Research in the Biogeochemistry Department focuses on microbiological and geochemical processes that control bioactive element cycling in the marine environment. We employ geochemical, microbiological, modeling, molecular and single-cell techniques to study the environmental regulation of these processes, and their effects on the global biogeochemical cycles.
Our goal is to provide fundamental insights into microbially-mediated processes in the Ocean that ultimately affect ocean chemistry, biology and climate, and will provide vital input for models used to predict potential future changes resulting from human activities.
Single-cell environmental microbiology
The vast majority of environmental bacteria remain uncultured. Our knowledge of their physiology and metabolic capacities therefore strongly depends on methods capable of analyzing single cells. Reliable identification of target populations in environmental samples remains a key prerequisite for analyses by modern microscopic and spectrometric techniques. We develop labeling and imaging methods that would allow for correlative imaging using light-, ion-, laser- and electron microscopy in order to gain new insights into the contributions of microorganisms to the biogeochemical element cycling.
Microbial fixation of N2 gas into biologically available ammonium is the main source of nitrogen in the open Ocean. N2 fixation is only catalyzed by a small but diverse group of prokaryotic microorganisms. In the open ocean, the majority of N2 fixation is attributed to larger colonial and heterocystous cyanobacteria populations. However, there are also other, unicellular, N-fixing microorganisms and it is thought that the activity of these other N2 fixing populations may help balance the N budget; however we know little about their distribution and activity.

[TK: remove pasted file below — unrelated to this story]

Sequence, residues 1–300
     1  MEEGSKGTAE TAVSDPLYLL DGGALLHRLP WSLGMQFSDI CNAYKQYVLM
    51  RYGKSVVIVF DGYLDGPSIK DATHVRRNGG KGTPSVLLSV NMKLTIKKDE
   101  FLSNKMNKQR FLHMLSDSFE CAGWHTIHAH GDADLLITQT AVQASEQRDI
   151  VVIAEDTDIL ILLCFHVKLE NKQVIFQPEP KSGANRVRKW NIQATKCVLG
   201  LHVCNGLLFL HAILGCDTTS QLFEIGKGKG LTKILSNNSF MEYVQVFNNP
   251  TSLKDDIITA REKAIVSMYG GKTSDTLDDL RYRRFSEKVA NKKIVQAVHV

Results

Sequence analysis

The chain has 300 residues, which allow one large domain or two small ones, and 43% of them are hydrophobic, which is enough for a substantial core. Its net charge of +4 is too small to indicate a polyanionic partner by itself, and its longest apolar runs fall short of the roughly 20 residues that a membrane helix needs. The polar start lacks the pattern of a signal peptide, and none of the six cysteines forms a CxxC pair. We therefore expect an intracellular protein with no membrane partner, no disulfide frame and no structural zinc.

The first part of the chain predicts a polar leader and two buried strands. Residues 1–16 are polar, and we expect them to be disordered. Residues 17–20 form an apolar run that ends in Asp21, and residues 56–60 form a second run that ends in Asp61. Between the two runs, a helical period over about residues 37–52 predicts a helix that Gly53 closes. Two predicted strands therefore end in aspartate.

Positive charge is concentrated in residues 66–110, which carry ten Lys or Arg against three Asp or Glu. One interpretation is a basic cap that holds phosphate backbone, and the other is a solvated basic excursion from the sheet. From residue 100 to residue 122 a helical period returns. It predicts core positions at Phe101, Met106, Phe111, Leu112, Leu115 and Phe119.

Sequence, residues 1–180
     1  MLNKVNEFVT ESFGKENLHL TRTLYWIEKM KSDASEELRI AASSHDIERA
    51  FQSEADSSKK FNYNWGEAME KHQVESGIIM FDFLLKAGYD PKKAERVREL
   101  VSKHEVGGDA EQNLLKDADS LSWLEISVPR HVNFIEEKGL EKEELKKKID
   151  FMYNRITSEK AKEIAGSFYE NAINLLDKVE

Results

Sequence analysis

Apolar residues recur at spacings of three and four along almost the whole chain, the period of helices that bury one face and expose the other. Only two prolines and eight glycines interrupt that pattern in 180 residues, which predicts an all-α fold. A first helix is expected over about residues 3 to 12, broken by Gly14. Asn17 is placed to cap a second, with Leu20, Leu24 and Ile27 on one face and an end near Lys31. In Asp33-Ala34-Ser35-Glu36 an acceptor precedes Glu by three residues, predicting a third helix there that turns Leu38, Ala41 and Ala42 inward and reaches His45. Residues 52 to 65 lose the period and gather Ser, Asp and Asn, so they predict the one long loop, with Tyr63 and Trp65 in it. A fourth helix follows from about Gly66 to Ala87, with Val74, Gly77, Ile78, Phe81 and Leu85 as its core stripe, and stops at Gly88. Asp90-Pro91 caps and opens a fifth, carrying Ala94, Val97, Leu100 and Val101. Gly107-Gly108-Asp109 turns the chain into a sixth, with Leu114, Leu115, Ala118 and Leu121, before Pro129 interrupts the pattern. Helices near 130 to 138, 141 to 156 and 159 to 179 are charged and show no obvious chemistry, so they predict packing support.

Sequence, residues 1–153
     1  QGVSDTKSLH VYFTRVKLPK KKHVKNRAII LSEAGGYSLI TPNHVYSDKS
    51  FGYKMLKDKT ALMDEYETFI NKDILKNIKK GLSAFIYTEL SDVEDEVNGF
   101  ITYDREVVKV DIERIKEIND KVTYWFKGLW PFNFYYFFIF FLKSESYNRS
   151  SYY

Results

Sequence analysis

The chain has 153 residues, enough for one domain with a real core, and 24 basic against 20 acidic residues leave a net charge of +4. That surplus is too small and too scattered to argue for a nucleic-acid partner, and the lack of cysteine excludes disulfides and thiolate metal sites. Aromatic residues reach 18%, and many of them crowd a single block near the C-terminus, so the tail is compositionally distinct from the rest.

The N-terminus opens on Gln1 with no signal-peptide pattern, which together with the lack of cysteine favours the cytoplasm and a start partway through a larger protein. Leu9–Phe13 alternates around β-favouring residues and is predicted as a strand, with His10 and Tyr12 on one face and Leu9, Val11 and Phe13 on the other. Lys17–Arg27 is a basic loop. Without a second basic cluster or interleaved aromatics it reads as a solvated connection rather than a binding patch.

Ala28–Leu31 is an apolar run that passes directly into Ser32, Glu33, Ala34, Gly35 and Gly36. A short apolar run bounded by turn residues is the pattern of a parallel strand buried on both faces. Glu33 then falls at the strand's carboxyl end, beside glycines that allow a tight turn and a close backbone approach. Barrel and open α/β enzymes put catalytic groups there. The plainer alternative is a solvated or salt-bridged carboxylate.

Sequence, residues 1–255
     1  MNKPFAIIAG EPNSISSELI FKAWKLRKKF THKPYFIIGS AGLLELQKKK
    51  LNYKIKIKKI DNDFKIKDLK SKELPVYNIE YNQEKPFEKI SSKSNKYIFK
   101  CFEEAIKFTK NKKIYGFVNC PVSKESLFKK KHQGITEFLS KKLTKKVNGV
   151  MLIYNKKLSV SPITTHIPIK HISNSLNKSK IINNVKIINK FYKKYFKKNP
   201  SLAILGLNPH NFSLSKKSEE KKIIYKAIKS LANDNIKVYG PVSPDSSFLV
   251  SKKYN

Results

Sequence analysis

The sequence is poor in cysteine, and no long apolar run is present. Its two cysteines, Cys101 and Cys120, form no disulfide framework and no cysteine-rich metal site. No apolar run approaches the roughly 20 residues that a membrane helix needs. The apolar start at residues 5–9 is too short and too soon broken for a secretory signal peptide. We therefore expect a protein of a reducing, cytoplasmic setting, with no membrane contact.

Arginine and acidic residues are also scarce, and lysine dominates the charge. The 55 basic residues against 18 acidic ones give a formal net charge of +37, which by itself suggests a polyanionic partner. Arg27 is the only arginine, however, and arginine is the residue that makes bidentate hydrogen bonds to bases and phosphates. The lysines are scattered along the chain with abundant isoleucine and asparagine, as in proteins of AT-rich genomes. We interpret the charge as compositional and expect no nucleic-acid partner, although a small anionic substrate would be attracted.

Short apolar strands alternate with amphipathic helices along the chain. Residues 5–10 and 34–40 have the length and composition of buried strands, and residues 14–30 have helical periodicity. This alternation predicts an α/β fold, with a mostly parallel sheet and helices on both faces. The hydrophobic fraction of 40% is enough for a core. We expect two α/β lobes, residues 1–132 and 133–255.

Permeable sediments dominate the seafloor of continental shelves and yet they are amongst the most understudied habitats within our oceans. Permeable sediments act as a biocatalyst for organic matter mineralization and nitrogen turnover, both of which are driven by advective porewater flow. With the help of a new benthic lander and flow-through reactors we measure oxygen uptake and nitrogen loss in both intertidal and subtidal sediments of the Wadden Sea and German Bight.
Nitrogen loss from oxygen minimum zones
Oxygen minimum zones (OMZ) are expanding globally, and at present account for up to 40 % of oceanic nitrogen loss. For decades, oceanic nitrogen loss has been attributed entirely to heterotrophic denitrification. By using a combination of molecular techniques and incubation experiments we have shown that, instead, anaerobic ammonium oxidation (anammox) is the main nitrogen loss process in the Namibian, Peruvian and Arabian Sea OMZ. However, suboxic conditions of the OMZ allow for both anaerobic and aerobic processes to co-occur and despite their obvious importance, the magnitude and interactions of these processes in OMZ are not well understood.
Marine snow and sinking particles
Aggregate sedimentation and remineralization control the vertical flux of organic matter, and directly affect elemental cycling and food-web structures. These processes constitute an important variable in the Ocean’s response to climate change. Sinking marine aggregates are the main vehicles removing organic carbon from the sea surface to the deep sea and are hot-spots of microbially-mediated bioactive element cycling. Remineralization of sinking POM also leads to the formation of oceanic oxygen minimum zones (OMZ).
Despite covering most of the Earth’s surface, methane emissions from the oceans are comparably small. On the contrary, terrestrial aquatic reservoirs are major sources of methane, with freshwater lakes contributing up to 16%. Methanotrophic microorganisms play a key role in reducing methane fluxes in oxic as well as in anoxic aquatic systems. Both bacteria and archaea posses the capacity to oxidize methane. It is recognized that in marine environments anaerobic methane oxidation processes act as a very efficient methane filter. On the contrary, the full variety of processes responsible for methane removal in lacustrine environments is not understood, nor are the key microbial players known.